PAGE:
Apparently, weight loss initially occurs as a result of the polyphenols in green coffee extract, which slow the absorption of carbohydrates, sugar and possibly fats in the digestive system. “They also inhibit an enzyme used by the liver to form blood sugar,” meaning you get less insulin release and subsequent fat storage.

If you want to try it, research suggests that about 400 milligrams taken three times a day—30 minutes before breakfast, lunch and dinner—produces the best results. And, no, you don’t get it from drinking coffee. Unfortunately, the key polyphenol, chlorogenic acid, is destroyed in regular coffee beans during the roasting process.

 

Just D Facts

According to the winter ’12-’13 edition of Life Extension, even people who are taking vitamin D supplements are deficient in this important vitamin.

Many people think that getting 400 to 600 I.U. in their multivitamin is enough. It’s not, especially if you are older.

“Aging persons need to supplement with about 5,000 I.U. of vitamin D each day to achieve optimal blood levels. This is about 10 times more than the typical American takes.” You should also take the majority of that dose with the meal that contains the most fat to get maximum absorption. That’s the last meal of the day for most people.

 

The Zinc Link

ironmanmagazine.comA number of studies have established that zinc is essential to protect against oxidative stress and help repair DNA damage. In someone who has a zinc deficiency, the risk of which has been shown to increase with age, the body’s ability to repair genetic damage may be decreasing even as the amount of damage increases.

Recently, Emily Ho and colleagues from Oregon State University studied a lab animal model for the cellular zinc transport mechanisms. Finding that zinc transporters were significantly dysregulated in old mice, the team observed that aged animals showed signs of zinc deficiency and displayed an enhanced inflammatory response even though their diet supposedly contained enough zinc.

When the researchers gave them about 10 times the dietary requirement for zinc, however, their biomarkers of inflammation were restored to those of young animals. “Restoring zinc status via dietary supplementation reduced aged-associated inflammation,” the research write. “Our data suggested that age-related epigenetic dysregulation in zinc transporter expression may influence cellular zinc levels and contribute to increased susceptibility to inflammation with age.”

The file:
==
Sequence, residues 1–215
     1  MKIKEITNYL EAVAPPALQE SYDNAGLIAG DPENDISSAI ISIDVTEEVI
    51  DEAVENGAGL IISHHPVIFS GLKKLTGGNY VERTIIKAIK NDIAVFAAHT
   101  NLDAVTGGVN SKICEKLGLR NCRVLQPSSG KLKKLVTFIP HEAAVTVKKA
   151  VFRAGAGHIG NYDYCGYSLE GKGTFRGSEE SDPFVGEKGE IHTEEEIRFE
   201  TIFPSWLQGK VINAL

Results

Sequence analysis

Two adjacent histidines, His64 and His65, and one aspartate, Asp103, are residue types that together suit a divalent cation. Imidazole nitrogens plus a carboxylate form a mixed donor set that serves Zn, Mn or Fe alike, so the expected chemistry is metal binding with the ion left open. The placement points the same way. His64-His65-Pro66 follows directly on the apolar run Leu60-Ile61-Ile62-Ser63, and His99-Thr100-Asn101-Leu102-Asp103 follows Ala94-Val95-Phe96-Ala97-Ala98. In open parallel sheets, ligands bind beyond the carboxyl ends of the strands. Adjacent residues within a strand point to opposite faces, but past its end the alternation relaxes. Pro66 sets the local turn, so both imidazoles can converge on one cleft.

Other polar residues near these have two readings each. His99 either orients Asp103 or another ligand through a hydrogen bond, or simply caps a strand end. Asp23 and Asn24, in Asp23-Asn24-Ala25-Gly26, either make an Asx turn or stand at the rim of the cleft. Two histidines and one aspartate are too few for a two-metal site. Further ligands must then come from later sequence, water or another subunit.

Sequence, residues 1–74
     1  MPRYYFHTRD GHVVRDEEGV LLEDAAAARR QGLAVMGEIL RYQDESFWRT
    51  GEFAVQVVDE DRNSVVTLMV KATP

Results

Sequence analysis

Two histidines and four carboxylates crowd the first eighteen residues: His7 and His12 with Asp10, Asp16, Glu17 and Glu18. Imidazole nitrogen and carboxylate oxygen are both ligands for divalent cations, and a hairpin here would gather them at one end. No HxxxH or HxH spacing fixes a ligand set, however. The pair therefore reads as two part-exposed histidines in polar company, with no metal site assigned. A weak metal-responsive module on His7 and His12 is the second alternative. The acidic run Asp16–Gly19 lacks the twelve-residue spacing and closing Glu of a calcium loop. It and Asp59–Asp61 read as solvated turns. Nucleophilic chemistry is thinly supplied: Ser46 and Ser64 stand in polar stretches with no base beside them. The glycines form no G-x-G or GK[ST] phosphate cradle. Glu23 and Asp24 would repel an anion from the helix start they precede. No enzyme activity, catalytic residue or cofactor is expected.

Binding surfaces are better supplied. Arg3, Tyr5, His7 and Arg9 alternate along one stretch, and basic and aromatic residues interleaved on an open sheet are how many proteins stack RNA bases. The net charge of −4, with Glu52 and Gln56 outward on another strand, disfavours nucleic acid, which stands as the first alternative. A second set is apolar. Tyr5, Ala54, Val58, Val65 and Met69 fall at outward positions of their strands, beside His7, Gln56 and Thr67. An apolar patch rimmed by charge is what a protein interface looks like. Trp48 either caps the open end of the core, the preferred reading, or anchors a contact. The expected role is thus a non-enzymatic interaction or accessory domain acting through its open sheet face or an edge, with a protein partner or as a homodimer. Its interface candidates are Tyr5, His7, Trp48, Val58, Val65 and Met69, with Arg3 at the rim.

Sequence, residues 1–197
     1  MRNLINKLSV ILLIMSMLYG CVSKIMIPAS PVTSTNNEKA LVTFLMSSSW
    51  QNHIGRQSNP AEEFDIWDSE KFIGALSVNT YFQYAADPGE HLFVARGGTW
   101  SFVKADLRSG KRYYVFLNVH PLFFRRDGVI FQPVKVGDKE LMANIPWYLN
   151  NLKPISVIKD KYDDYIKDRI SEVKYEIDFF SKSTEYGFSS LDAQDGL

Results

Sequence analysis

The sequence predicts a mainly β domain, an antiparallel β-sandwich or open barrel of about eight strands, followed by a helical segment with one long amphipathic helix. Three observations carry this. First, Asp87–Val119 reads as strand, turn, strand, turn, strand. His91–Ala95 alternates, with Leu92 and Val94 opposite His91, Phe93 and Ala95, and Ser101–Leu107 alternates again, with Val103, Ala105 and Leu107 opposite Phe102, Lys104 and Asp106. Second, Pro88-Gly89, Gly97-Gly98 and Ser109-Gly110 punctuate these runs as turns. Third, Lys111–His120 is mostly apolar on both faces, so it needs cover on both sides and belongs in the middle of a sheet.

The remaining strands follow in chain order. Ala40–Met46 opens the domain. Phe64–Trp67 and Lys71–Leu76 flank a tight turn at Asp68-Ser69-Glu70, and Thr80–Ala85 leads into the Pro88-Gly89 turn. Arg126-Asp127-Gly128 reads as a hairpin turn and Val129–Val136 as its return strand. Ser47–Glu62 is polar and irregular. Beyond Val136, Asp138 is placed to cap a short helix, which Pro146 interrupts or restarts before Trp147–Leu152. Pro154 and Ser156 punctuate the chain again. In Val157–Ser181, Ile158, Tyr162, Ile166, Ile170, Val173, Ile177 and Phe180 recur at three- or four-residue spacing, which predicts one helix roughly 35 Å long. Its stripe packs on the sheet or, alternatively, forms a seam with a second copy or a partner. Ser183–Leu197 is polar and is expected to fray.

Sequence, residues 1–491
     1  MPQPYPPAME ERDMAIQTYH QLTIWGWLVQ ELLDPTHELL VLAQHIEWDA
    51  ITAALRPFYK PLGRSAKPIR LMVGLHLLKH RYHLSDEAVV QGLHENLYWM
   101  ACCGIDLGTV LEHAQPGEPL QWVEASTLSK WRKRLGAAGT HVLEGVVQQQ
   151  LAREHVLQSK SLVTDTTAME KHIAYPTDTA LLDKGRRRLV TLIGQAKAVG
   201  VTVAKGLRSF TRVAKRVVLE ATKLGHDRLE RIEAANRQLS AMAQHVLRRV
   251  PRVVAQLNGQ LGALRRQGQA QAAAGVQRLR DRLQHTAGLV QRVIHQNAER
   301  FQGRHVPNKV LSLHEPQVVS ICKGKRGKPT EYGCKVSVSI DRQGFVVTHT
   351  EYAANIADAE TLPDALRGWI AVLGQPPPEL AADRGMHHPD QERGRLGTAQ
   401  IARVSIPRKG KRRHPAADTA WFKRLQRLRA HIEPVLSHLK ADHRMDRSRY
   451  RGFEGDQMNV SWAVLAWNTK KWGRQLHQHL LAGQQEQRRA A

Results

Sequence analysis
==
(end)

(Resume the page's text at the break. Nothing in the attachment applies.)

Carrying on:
Wong, C.P., et al. (2012). Increased inflammatory response in aged mice is associated with age-related zinc deficiency and zinc transporter dysregulation. J Nutr Biochem. In press; published online Sep 13.

—Dr. Bob Goldman
www.WorldHealth.net

 

Editor’s note: For the latest information and research on health and aging, subscribe to the American Academy of Anti-Aging Medicine e-zine free at WorldHealth
.net.

Juiced Up for Faster Recovery

www.ironmanmagazine.comThere has been a multitude of recent research concerning the health-restorative benefits of a number of power foods and fruits—including acai (pronounced ah-sigh-ee), apple extract, blueberries, grape seed extract, noni juice and pomegranate, to name a few. All appear to contain nutrients with powerful medicinal properties. Research has confirmed that these supernutrients can combat cancer and diabetes, reduce cholesterol and inflammation and help prevent heart disease.

These foods are super because of their high orac value. Orac is the abbreviation for oxygen radical absorbance capacity, a measurement of the antioxidant capacity of a given food. Antioxidants protect cells from free radicals, which are nasty molecules that damage DNA and accelerate aging and muscle wasting.

While health officials are alerting the public about the medicinal benefits of these superfruits, sports physiologists have begun alerting the sports nutrition community about their recovery-accelerating and fat-reducing benefits. In fact, over the past few years the acai berry has been well publicized for its high orac value, as well as its amino acid content.